Liability Insurance Definition
- A home or business can be a source of liability exposures. If someone is injured at your residence or place of business, you can be held responsible. Another exposure comes from services provided. A tree trimming service that damages a client's property may be facing a lawsuit.
Direct or Vicarious
- Liability is either direct or vicarious. Direct liability is injury resulting from your own conduct; vicarious liability is liability for which you are indirectly responsible. A contractor who hires a subcontractor may be held responsible if the subcontractor causes damage to a client's property.
Types of Legal Liability
- Legal liability can be divided into acts of negligence, intentional acts, strict liability and absolute liability. Strict liability applies to products and any damages they may cause to a consumer's health or safety; absolute liability means that the manufacturer is responsible for any damages regardless of fault. An example of absolute liability would be manufacturers of explosive materials.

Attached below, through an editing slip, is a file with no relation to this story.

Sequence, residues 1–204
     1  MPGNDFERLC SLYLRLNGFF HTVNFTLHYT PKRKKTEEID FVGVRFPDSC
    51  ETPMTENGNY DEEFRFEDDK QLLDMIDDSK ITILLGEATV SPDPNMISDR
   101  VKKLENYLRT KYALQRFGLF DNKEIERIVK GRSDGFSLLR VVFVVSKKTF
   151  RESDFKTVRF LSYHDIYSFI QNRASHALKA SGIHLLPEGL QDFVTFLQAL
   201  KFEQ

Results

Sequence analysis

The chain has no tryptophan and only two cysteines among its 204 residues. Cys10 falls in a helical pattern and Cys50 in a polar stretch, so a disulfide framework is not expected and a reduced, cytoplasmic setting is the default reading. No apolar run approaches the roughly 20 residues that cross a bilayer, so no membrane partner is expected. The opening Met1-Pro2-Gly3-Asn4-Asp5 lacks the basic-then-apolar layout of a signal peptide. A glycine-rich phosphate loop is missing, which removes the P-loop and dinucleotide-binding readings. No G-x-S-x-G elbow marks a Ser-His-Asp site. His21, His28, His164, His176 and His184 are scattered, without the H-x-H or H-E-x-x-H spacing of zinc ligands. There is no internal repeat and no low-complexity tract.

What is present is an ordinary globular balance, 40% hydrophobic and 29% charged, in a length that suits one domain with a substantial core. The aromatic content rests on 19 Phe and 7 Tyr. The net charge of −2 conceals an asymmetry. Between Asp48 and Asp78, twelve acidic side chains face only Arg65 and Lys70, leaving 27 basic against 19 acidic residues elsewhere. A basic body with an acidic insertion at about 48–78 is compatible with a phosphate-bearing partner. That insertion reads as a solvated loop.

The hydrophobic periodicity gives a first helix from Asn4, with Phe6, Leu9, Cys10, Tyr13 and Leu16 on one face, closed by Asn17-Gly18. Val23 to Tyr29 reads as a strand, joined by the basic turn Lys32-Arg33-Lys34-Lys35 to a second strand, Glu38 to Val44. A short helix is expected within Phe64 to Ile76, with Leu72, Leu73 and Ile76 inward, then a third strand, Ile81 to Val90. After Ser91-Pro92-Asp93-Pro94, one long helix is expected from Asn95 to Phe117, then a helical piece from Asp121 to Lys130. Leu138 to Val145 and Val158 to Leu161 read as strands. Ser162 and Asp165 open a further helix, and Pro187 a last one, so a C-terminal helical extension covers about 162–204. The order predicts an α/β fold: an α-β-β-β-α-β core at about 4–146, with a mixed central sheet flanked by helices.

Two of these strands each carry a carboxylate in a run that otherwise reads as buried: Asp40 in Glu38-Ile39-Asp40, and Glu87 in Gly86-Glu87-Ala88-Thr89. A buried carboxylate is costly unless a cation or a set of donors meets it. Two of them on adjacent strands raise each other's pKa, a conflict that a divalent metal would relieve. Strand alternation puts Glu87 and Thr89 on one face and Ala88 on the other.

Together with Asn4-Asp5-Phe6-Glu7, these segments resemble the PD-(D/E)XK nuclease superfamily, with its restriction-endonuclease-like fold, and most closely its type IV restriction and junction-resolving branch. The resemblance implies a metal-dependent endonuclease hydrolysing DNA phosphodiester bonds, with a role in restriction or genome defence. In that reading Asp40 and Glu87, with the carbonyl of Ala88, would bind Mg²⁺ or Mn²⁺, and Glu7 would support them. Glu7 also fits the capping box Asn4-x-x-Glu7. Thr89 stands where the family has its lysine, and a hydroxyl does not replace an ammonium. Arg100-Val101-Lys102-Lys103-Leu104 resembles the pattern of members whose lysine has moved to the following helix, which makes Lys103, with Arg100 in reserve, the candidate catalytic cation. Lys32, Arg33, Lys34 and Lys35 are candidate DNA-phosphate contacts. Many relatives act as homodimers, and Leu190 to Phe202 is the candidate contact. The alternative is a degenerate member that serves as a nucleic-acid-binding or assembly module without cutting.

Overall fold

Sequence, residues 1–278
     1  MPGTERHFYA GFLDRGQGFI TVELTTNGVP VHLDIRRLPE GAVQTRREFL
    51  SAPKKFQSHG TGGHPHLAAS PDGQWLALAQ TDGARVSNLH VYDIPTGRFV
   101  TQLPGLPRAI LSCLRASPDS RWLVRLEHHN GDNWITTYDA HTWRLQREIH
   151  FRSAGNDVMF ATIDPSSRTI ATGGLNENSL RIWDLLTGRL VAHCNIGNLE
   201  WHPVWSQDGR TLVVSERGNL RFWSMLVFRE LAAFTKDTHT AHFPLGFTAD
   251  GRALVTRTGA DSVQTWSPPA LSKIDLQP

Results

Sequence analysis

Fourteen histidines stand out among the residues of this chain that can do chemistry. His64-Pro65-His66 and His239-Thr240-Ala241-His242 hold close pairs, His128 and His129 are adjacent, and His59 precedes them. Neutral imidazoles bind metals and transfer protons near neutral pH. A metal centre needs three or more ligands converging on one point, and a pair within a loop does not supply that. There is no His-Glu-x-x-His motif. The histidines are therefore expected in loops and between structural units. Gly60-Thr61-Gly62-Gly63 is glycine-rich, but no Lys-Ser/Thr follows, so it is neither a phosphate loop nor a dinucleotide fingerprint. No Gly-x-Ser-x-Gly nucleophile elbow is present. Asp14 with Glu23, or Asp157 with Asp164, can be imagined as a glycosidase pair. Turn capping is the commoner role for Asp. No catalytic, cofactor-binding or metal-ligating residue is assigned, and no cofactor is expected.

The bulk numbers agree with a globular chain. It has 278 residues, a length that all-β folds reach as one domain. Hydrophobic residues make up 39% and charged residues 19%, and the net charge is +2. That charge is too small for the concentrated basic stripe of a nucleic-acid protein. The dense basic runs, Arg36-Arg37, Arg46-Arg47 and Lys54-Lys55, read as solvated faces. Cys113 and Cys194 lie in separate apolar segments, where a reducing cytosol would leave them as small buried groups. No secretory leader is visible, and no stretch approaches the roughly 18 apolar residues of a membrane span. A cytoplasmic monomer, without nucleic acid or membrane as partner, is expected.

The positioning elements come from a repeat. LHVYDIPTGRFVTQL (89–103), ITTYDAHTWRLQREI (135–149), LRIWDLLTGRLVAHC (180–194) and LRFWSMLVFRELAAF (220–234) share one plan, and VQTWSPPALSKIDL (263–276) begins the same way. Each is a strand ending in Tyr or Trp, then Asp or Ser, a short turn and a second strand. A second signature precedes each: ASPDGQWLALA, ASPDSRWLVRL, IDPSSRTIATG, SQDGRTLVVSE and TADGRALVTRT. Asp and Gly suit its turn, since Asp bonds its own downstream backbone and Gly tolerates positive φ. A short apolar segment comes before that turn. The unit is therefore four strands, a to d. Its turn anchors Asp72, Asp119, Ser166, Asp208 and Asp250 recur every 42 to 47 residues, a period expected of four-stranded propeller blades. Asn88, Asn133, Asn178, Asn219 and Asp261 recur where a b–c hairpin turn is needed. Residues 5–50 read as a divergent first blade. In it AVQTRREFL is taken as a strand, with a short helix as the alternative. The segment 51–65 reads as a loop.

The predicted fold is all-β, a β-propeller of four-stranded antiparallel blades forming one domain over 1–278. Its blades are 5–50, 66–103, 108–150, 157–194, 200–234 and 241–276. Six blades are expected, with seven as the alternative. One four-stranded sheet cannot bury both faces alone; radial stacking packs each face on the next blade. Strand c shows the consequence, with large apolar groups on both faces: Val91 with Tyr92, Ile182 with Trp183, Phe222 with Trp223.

- Compensatory damages are covered under a legal liability policy. Special damage awards include money paid for costs of medical bills, lost income, rehabilitation, and replacement or repair of property. General damage awards are for intangible losses such as pain and suffering.
- A legal liability policy will also pay for punitive damages. Punitive damages are sums of money paid in order to punish the wrongdoer for his conduct. Laws may be in place limiting amounts that can be recovered.